Joker, Catwoman, Riddler… Killer Moth?
The ‘lethal lepidopteran’ doesn’t sit easily on a list of Gotham’s greatest villains – if it wasn’t for his role in the origins of Batgirl, he’d likely never have survived the Sixties. The latest DC Digital First Batman story, though, repositions Killer Moth, massively increasing his role in Batman’s life.
Mark Russell’s tale flashes backwards and forwards in time, beginning with Batman musing, during the villain’s latest crime spree, that he’s the one bad guy he’s never unmasked.
Think about that. In years of encounters, Killer Moth, alone among his foes, has never been apprehended by the Caped Crusader. It’s safe to say this story isn’t in regular DC continuity; as with his Swamp Thing tales, also produced for the Wal-Mart 100-page giants, Russell is going his own way, with brilliant results.
Because this is an instant classic – it’s only 16 pages, so I won’t give much away, as the twists and turns are a big part of its success. I will say that if you enjoy Alan Brennert’s DC work as much as I do, this is something you’ll likely love. Like Brennert, Russell plays with the passage of time in the DC Universe to show how things might be if characters didn’t have to remain trapped like flies – or moths – in amber. Russell gives us all the slam-bang slugfests a superhero fan could ask for, but along the way laces in strands about inspiration, choices, compassion and more.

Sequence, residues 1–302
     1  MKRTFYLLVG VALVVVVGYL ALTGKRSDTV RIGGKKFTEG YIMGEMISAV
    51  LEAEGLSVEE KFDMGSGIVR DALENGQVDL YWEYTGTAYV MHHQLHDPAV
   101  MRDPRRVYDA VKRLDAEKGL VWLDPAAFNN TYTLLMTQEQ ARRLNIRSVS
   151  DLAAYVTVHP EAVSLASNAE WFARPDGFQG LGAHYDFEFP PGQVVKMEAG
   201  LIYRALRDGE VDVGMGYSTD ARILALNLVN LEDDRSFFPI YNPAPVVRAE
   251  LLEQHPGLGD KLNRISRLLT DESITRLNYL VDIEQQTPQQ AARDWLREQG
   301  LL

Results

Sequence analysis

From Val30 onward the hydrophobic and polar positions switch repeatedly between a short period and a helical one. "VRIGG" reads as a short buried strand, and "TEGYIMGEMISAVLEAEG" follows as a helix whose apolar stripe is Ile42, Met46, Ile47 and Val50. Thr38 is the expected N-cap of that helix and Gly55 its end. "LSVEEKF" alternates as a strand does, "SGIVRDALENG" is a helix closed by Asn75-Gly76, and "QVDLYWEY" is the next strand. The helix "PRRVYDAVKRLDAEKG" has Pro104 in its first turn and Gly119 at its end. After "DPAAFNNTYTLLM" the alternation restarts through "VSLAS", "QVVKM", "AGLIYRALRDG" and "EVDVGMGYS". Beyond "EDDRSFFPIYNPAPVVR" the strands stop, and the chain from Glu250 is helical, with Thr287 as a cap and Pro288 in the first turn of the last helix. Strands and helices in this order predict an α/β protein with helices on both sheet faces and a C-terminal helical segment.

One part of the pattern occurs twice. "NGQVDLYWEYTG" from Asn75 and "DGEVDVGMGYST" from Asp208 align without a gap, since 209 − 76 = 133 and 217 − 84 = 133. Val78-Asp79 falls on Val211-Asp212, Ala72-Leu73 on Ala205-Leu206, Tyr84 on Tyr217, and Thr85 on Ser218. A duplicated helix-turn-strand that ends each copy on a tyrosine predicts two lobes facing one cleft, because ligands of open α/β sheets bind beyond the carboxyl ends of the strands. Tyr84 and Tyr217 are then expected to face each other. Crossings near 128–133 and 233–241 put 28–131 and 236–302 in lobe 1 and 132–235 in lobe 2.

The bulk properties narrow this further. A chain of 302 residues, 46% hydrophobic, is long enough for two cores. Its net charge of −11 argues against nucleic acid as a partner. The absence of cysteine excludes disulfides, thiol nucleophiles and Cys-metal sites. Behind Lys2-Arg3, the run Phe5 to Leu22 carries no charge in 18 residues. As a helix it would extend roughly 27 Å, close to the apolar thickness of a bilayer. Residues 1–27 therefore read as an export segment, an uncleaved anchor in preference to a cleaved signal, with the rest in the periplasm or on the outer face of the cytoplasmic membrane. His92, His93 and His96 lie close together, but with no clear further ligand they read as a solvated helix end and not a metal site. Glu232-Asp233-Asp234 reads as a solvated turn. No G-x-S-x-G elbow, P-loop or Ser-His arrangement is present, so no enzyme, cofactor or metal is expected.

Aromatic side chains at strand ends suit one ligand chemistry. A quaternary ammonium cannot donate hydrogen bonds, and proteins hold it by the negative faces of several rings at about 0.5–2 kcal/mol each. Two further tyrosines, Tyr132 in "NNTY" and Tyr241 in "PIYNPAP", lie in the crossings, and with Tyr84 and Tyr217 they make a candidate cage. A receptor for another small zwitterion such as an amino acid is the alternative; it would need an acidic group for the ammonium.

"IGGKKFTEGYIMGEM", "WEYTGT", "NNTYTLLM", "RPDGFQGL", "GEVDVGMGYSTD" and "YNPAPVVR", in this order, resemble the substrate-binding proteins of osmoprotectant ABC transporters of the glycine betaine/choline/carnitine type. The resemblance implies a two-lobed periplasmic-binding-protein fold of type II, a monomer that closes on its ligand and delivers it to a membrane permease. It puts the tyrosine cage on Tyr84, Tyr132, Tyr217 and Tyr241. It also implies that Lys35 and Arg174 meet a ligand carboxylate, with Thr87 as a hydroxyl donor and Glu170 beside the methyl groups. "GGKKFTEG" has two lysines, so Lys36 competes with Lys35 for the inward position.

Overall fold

Ryan Benjamin’s pencils serve the story wonderfully well, being punchy when fighting is to the fore, more elegant when it’s all about the emotion. Richard Friend’s scratchily effective inks bring a Jim Lee feel to proceedings, basically demonstrating that I’ve been putting credit in the wrong account for quite a while. Alex Sinclair’s colours help ensure we know what time period we’re in, but what really stands out is his treatment of Killer Moth’s wings, his approach giving a fine impression of iridescence. And Troy Peteri’s lettering is especially excellent on the emphases. In the editorial seats are Katie Kubert and Liz Erickson, so kudos to them too.
Eddy Barrows, Eber Ferreira and Adriano Lucas pencil, ink and colour the cover image, a nice entry point to a story that surprises from beginning to end. I may start a campaign for DC to resurrect Year’s Best Comic Stories right now so this can get the attention it deserves. Seriously, if you’ve access to digital comics, or can find a copy of Batman Giant #5, check it out and tell me this isn’t a winner!